Optimization of growth conditions of Bacillus thuringiensis isolates from various sources in Kenya and toxicity assays of their delta-endotoxin against Chilo partellus

Daniel Anyika Kwalimwa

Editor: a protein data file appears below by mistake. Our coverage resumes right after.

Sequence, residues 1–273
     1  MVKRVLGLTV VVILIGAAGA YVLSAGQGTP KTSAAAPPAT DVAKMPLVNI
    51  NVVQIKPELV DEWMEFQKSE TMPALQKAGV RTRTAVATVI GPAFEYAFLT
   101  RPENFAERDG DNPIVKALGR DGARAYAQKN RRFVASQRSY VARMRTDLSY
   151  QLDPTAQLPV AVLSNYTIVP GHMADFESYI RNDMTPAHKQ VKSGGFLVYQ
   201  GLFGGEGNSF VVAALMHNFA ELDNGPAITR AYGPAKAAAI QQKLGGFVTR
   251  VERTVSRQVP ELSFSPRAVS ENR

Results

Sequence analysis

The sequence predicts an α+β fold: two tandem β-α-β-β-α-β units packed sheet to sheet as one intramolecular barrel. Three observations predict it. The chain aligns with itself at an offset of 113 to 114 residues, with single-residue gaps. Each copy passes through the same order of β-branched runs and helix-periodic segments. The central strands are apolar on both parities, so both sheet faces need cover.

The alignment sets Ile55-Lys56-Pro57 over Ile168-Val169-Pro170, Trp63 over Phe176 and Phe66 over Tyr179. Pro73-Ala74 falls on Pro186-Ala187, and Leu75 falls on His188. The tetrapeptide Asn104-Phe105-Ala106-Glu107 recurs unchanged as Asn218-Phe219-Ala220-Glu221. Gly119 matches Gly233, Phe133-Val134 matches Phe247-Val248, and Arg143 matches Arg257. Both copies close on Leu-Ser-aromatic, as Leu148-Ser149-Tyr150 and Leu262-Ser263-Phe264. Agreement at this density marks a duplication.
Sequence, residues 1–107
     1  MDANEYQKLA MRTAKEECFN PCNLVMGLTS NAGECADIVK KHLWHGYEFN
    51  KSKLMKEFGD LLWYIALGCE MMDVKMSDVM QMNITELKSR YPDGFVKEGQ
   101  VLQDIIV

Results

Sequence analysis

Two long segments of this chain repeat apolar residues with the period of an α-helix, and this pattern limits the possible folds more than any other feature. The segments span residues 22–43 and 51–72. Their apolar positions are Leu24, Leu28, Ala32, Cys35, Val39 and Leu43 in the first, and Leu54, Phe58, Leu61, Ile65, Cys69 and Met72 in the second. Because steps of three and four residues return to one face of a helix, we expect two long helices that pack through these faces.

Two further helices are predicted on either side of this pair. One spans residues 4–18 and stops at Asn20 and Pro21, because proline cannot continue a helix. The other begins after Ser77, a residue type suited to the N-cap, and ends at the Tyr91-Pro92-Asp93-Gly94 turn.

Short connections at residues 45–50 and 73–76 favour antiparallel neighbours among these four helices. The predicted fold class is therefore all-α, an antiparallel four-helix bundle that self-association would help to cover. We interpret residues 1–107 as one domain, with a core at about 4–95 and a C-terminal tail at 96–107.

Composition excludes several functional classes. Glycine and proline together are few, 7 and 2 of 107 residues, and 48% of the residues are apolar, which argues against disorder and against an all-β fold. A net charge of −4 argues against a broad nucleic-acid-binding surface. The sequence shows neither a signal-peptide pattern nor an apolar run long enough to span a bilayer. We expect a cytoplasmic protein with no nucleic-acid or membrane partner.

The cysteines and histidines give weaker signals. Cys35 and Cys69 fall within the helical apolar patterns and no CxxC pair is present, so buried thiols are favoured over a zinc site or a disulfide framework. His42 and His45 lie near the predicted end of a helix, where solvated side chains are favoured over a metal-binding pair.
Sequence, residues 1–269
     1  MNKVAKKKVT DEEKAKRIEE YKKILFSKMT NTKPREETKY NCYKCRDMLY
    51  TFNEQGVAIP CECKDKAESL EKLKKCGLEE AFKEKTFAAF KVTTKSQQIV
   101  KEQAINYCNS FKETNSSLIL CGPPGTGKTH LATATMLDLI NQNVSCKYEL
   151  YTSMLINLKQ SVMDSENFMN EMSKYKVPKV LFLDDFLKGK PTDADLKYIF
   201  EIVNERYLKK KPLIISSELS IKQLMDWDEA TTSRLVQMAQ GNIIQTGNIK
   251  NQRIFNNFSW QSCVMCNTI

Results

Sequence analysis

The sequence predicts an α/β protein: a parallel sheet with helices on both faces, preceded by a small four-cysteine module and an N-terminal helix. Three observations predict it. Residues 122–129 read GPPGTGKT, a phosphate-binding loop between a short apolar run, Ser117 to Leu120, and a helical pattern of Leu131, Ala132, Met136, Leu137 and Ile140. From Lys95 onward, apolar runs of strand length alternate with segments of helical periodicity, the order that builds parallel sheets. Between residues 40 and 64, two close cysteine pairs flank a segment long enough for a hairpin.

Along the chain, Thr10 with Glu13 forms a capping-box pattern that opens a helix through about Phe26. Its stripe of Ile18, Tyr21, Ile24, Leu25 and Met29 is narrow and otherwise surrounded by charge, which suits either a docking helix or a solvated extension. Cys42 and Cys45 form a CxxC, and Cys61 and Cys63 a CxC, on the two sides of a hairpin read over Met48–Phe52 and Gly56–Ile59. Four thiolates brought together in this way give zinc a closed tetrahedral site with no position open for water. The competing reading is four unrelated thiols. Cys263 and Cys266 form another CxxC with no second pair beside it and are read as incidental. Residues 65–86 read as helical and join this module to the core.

Chemical pesticides have disadvantages such as high production costs, short persistence, comparative low efficacy, development of resistance to toxin and causing ecological damage. In order to obtain cheaper biopesticides, many locally available and inexpensive agricultural/industrial byproducts have potential as culture media for Bacillus thuringiensis Crystal protein production. In this study, cost-effective media were developed, based on locally available raw materials namely legumes, potato, and whey. Optimization studies indicate that pH 6.4-7.5 was best for sporulation and OD 600 was highest at 37 °C for all isolates tested. The optical density, protein concentration yield, sporulation and Chilo partellus larvicidal action were studied by growing bacterial strains in these waste product and in comparison with the conventional medium (NYSM). Protein concentration yield of 27.60 µg/ ml, spore count of 5.60 × 108 and Chilo partellus larvicidal activity (LC50) of 78 µg/ l against first-instar larvae were obtained with a 72 h culture of this bacterium. Based on media comparison between NYSM and other media, the legumes produced the highest spore counts, followed by potato and then whey; and, differences between media treatments were significantly different (P≤0.05). The SDS-PAGE profiles indicated that spore-crystal product from each treatment consisted of proteins with molecular weights of approximately 110-120 kDa and 60-70 kDa, suggesting the presence of bacterial insecticidal protoxins. Therefore the investigation suggests that legume, potato and whey-based culture media are more economical for the industrial production of Bt Insecticidal Crystal Proteins.


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